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Mirror of His Beauty: Feminine Images of God from the Bible to the Early Kabbalah.

Mirror of His Beauty: Feminine Images of God from the Bible to the Early Kabbalah. By Peter Schafer. Jews, Christians, and Muslims from the Ancient to the Modern World. Princeton, N.J.: Princeton University Press, 2002. xviii + 306 pp. $29.95 cloth.

The central interest of this highly readable and provocative study lies in the feminine dimension of God found in the twelfth-century Provencal Jewish book of mysticism, the Bahir. Like Gershom Sholem in the first half of the twentieth century, Peter Schafer attempts to find the origins of the Bahir's understanding of God as both masculine and feminine; to this end, the first half of the book traces the Wisdom tradition in the Hebrew Bible, apocryphal literature, Philo, Gnostic mythologies, the rabbinic literature, and medieval Jewish philosophers. The primary thesis of this first half is that the particular image of the Shekhinah in the Bahir--a sexualized mediator between heaven and earth--cannot be adequately accounted for in the biblical and rabbinic precedents. Thus, in the second half, Schafer takes on the question of origins; here his claims will be most interesting to readers of Church History, for he locates the closest parallel to the bahiric concept of the Shekhinah in the "veneration of the Virgin Mary, which grows in Western Christendom during the tenth and eleventh centuries and almost explodes in the twelfth century" (147). Lest some doubt that Jews would "borrow" from Marian traditions, Schafer devotes the longest and richest chapter of the book (chapter 9) to exploring how the Marian traditions, which became sharply anti-Jewish, could have been transformed "into a bold Jewish counternarrative" (216). Most persuasive is the underlying argument that "the constant interaction between Judaism and Christianity" (242) contributed to the bahiric concept of God's femininity.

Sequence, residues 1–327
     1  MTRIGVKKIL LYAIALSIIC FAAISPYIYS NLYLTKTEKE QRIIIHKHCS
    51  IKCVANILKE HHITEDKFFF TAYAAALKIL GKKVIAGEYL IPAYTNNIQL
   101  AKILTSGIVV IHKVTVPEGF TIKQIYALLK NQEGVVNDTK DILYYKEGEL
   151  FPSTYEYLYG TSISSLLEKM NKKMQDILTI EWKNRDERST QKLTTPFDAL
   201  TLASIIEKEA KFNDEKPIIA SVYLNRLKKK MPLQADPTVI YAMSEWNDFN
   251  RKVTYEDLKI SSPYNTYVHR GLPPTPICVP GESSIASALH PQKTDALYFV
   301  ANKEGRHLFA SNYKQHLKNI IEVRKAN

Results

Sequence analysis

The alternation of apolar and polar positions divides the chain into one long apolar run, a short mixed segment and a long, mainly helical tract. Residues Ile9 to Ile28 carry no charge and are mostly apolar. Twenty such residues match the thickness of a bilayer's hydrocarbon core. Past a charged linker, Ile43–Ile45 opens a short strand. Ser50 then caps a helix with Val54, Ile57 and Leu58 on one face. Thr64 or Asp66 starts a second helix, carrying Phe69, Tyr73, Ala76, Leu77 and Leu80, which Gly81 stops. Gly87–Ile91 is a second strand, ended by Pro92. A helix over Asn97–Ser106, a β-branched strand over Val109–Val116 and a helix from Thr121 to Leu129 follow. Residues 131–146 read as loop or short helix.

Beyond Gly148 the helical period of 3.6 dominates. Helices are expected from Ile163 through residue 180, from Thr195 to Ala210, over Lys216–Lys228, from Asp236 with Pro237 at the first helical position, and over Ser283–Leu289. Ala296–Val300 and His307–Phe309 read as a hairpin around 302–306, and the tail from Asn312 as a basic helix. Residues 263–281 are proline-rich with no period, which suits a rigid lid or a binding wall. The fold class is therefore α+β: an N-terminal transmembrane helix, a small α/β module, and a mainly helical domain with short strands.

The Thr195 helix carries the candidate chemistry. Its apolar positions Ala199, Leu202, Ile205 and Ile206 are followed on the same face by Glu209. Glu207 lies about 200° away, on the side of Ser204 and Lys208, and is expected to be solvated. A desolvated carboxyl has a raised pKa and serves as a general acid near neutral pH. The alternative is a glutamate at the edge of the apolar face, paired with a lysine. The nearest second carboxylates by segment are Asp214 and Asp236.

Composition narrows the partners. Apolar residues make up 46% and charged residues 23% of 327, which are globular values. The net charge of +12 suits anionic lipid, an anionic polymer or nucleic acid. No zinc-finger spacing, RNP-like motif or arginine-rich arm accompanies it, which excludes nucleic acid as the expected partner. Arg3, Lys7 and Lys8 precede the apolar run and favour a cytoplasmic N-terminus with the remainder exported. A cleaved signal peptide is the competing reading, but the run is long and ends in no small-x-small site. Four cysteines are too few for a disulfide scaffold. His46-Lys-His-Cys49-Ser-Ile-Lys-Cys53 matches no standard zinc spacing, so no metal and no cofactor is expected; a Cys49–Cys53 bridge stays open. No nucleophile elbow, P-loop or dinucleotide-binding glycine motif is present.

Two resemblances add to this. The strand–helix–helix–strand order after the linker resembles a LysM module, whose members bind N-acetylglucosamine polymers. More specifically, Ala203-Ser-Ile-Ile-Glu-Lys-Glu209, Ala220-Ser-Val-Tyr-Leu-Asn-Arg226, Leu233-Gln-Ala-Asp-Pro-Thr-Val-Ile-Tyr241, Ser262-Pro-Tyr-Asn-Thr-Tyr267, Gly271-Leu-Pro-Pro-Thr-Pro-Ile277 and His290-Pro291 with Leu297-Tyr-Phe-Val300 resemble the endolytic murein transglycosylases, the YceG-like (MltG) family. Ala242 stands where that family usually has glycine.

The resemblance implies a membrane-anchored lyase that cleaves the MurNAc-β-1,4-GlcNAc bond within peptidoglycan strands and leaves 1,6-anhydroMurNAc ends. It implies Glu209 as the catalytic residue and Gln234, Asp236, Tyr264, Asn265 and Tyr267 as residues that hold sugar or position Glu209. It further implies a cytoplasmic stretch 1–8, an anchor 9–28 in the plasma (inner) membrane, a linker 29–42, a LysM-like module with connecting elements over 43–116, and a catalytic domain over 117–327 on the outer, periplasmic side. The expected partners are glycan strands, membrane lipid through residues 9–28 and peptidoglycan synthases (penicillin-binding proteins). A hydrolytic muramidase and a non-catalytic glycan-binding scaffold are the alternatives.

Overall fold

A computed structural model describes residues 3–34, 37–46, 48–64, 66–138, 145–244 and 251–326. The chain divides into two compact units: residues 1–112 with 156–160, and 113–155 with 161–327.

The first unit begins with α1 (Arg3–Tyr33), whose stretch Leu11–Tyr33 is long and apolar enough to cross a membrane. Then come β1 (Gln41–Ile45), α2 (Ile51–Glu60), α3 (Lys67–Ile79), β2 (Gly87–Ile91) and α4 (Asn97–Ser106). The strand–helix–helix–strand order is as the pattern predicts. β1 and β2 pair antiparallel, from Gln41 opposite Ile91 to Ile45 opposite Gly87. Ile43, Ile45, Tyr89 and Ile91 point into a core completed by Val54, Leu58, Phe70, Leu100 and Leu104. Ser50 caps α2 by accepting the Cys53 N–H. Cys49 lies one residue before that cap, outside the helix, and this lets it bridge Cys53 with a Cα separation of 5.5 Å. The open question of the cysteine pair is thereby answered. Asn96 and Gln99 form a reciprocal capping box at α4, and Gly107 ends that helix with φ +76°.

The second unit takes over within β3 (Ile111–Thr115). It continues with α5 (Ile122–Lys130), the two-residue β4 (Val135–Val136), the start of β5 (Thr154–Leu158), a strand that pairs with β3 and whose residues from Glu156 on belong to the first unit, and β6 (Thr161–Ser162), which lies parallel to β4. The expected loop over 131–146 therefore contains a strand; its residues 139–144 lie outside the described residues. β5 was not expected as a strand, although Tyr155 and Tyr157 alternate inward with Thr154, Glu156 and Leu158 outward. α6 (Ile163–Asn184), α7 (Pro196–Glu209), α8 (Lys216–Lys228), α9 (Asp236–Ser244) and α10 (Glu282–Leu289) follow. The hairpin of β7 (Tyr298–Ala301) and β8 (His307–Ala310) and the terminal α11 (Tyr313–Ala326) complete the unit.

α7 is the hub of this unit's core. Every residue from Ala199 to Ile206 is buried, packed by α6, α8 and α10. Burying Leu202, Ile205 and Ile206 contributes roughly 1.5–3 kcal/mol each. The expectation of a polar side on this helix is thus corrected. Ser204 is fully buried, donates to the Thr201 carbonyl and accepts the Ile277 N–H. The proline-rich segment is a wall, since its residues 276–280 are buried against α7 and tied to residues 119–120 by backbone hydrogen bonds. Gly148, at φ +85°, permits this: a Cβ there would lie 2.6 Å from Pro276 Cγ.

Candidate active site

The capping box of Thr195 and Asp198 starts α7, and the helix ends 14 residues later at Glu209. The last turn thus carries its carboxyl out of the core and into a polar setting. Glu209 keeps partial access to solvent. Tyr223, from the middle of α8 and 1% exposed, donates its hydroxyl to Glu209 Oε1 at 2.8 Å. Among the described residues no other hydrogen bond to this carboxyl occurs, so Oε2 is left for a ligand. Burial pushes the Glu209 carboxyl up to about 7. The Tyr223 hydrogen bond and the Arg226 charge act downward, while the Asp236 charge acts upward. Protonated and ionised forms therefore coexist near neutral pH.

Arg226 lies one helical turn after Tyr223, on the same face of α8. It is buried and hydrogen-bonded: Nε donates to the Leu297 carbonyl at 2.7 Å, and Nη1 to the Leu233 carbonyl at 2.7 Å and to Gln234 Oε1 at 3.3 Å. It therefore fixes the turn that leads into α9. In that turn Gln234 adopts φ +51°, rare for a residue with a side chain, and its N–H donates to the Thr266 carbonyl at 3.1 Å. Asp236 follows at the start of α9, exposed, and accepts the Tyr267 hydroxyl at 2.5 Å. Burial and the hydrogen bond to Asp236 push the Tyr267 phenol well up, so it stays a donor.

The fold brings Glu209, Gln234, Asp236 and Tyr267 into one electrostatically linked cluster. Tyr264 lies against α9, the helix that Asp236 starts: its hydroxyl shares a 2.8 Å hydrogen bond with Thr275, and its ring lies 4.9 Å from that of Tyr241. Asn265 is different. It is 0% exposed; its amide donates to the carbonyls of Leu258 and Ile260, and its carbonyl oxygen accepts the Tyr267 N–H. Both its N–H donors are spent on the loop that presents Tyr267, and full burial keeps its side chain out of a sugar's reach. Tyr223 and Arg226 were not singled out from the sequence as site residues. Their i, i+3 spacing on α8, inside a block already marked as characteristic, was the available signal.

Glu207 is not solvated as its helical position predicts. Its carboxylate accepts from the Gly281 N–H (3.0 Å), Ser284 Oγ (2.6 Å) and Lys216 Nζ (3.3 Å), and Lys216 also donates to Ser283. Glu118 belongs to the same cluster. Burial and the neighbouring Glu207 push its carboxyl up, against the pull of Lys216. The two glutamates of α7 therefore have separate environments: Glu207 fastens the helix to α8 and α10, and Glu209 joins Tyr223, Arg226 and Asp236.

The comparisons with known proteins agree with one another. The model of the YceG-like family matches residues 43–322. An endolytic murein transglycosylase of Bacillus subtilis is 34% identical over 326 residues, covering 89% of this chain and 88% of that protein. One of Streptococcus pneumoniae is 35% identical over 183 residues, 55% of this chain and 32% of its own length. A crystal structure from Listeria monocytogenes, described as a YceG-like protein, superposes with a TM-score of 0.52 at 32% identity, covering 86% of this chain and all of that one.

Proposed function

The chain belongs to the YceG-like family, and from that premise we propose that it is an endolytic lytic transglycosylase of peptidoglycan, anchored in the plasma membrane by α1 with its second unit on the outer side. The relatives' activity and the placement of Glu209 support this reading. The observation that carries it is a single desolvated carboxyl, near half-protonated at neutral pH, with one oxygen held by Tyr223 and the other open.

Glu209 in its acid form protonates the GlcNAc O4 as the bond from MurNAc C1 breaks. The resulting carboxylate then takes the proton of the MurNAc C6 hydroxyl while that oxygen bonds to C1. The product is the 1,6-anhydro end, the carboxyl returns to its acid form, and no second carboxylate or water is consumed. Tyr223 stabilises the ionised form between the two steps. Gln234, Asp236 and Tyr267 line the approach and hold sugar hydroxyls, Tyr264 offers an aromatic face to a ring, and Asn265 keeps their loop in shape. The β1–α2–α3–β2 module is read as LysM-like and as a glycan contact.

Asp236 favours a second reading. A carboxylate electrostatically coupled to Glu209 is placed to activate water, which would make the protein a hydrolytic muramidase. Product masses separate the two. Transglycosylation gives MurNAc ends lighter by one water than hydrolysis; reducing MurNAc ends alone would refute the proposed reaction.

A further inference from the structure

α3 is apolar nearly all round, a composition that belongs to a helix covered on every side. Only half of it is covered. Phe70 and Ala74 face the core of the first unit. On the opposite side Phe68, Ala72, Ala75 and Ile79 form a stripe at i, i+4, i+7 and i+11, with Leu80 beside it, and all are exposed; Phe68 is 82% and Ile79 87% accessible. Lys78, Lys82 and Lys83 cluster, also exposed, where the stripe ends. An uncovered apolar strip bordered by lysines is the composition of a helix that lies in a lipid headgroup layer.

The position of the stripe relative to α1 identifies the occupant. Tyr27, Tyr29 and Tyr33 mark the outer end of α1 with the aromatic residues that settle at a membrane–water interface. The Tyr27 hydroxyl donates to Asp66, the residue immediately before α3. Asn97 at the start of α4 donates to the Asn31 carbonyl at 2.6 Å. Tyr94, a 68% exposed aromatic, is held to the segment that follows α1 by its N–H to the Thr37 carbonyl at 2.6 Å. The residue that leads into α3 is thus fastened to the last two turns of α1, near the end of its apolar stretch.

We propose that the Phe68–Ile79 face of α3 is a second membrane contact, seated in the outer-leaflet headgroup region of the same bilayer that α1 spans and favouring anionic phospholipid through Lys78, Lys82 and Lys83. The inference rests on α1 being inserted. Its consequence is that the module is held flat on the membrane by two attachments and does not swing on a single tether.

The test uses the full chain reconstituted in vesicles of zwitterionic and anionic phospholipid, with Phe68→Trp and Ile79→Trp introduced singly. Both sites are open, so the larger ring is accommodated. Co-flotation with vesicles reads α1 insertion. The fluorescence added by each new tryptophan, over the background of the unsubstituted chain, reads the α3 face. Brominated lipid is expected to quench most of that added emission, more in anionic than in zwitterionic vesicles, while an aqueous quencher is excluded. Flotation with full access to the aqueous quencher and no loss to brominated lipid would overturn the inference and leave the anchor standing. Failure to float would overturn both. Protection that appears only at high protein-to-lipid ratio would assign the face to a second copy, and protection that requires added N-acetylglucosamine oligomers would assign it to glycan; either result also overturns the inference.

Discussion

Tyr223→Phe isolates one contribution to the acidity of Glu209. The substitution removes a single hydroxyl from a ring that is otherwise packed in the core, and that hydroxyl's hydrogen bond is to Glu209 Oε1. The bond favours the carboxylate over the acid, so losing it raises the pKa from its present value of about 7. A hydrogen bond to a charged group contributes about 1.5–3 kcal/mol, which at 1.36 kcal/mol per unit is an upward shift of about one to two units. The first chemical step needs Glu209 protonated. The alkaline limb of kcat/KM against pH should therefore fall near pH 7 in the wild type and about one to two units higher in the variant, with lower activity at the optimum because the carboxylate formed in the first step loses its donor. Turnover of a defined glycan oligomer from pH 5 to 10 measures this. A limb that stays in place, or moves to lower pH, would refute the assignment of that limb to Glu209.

Any volume with such a wide range of materials (from Job to Gnostic traditions, the Kabbalah to Mariology, and Jewish philosophers to artistic representations of Mary) necessarily opens itself to criticisms by experts in specific subfields. Moreover, in its attempt to treat such diverse texts the book at times reads somewhat like a catalog (for example, in chapter 8 where Schafer rehearses the development of Marian traditions in the Eastern and Western Churches, Peter Damian, Herman of Tournay, Bernard of Clairvaux, Godfrey of Admont, Hildegard of Bingen, and Peter of Blois). And yet Mirror of His Beauty remains a compelling and important work: Schafer has identified-at least to my mind--one manifestation of the dynamic interconnectedness of Judaism and Christianity.

Kim Haines-Eitzen

Cornell University
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Author:Haines-Eitzen, Kim
Publication:Church History
Article Type:Book Review
Date:Dec 1, 2004
Words:413
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